Another advantage of the geared head and why I got it is for macros. Ball heads and normal 3-way heads are just not precise enough for very careful composition. With a ball head say you have the left-right position correct but you have to move the composition up-down. When you do so you find that the process of moving up-down also changes the left-right so you basically have to start all over. In other words the motion is not constrained to one axis and it free wheels when adjusting. A three-way pan head solves this but I find that it is very difficult to make small, very precise adjustments. Hence the geared head-just turn the knob a little and you are in business. This counts when doing flowers outdoors and there is slight movement due to wind. The flower is moving, the breeze stops, the flower is not in the same position as you started, but you can take an exposure now because the subject is still enough for the slow shutter speed you are using. If you take too long readjusting the composition, the breeze starts up again and you are screwed. This happens over and over and you get quite frustrated. But with the geared head and remote release you can fix the composition very quickly and fire while the breeze is still low. Note that I am using the LCD which is articulated so I can see it from a comfortable position, so I can work very fast when needed. Other cameras may not work as well as this setup but their are points that can be adapted to any setup.
Agree 100%, and I wouldn't limit this comment to macro shooting. Personally, I detest ball heads, due to exactly what you have described - essentially, off-axis movement. There is no way to prevent this, since a ball head that is not locked will move not only
in the direction that you want to move it in, but also in any other direction. Every attempt to point the camera the way you want and/or to level the camera will more likely than not induce some unwanted movement, which requires you to try again...and again...and again.
My favorite heads are the Arca-Swiss B2/Z2 (which are not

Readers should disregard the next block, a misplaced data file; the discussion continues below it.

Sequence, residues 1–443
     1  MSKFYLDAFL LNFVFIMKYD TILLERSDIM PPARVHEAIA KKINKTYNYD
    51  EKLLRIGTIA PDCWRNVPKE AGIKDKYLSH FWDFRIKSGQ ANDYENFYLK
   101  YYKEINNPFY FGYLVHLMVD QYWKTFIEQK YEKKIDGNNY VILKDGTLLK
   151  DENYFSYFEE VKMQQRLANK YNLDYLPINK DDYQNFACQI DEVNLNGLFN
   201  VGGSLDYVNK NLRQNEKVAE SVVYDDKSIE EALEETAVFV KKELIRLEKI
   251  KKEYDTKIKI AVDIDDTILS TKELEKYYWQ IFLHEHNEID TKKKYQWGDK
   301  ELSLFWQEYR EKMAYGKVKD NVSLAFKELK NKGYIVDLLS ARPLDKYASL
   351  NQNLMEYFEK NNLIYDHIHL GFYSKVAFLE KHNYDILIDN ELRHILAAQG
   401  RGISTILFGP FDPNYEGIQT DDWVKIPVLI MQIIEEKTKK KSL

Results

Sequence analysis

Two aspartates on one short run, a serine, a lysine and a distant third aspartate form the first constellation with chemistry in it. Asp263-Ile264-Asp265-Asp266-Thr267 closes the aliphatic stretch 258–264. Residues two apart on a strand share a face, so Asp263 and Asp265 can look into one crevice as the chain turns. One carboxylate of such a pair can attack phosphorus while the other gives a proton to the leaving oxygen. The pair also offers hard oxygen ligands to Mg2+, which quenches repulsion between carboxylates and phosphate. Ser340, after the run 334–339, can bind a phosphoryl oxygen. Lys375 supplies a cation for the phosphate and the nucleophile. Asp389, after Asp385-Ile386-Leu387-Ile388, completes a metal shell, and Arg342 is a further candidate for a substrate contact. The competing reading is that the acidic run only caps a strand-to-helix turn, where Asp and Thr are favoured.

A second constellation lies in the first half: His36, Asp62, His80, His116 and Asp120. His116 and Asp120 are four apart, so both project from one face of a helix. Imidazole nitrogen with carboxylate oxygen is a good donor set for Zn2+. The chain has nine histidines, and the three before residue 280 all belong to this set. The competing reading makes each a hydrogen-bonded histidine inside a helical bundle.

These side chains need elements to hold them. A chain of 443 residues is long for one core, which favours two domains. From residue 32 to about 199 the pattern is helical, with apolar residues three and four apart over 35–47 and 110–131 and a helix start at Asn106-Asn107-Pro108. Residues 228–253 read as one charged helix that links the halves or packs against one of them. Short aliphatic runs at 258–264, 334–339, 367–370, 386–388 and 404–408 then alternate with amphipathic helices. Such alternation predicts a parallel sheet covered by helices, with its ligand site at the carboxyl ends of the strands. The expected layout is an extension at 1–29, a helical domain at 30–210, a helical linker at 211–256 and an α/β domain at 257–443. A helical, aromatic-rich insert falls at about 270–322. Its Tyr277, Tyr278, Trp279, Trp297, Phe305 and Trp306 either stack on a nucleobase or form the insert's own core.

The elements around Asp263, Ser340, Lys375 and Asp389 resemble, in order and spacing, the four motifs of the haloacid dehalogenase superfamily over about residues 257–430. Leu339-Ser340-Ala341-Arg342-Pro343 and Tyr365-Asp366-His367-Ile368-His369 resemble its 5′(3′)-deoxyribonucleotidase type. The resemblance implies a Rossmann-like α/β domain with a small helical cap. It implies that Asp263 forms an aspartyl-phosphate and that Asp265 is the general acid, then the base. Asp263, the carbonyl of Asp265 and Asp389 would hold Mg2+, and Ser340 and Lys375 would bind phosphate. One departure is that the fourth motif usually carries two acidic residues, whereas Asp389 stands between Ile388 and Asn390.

ball heads, even though they call them "monoballs" like their ball heads), and the NPC Pro Head. Both of these move in only
fore-aft and side-to-side directions (as well as pan, with a separate control). The Arca-Swiss does it with independent controls for each movement (it is a "ball within a ball" design), the NPC with a single knob that releases the head to move in both directions (but each direction can be moved independently since their are only two motions possible).
For what the OP is using (i.e., nothing bigger than a 70-200 f two point eight (can't stop the eight from being turned into a smiley for some reason)), I'd recommend the NPC Pro Head, but it'll be a treasure hunt, as it's currently out of production. The Arca Swiss Z2 is also tough to find, though currently being (when they feel like it) produced. If you're using big glass, the Arca-Swiss B2/Z2 is the one head that makes you feel like the Gimbal heads can stay home. It's not as quick for moving/erratic subjects, but with the side-to-side movement locked and the fore-aft and pan suitably damped, it can be used in similar fashion to a Gimbal (except you probably want to lock down when you take your hands off). It also is one head that has more than enough capacity for a "Sidekick" type Gimbal, if you decide to go that route.
As for quick releases, I'd go Arca-Swiss "type" all the way, and I'd recommend the knob style clamps over the lever types. If you go with the lever types, then you'll have to stick with one brand (as their specifications all differ slightly, which introduces compatibility issues and potential for malfunction/equipment damage if you mix and match), which limits your choices. I also get the feeling that I could inadvertently catch the lever on the lever style clamp with the cuff of a shirt sleeve, unintentionally opening it and having the whole rig slide out.
When it's screwed down snug, it's not going to come off without conscious effort, which is as it should be.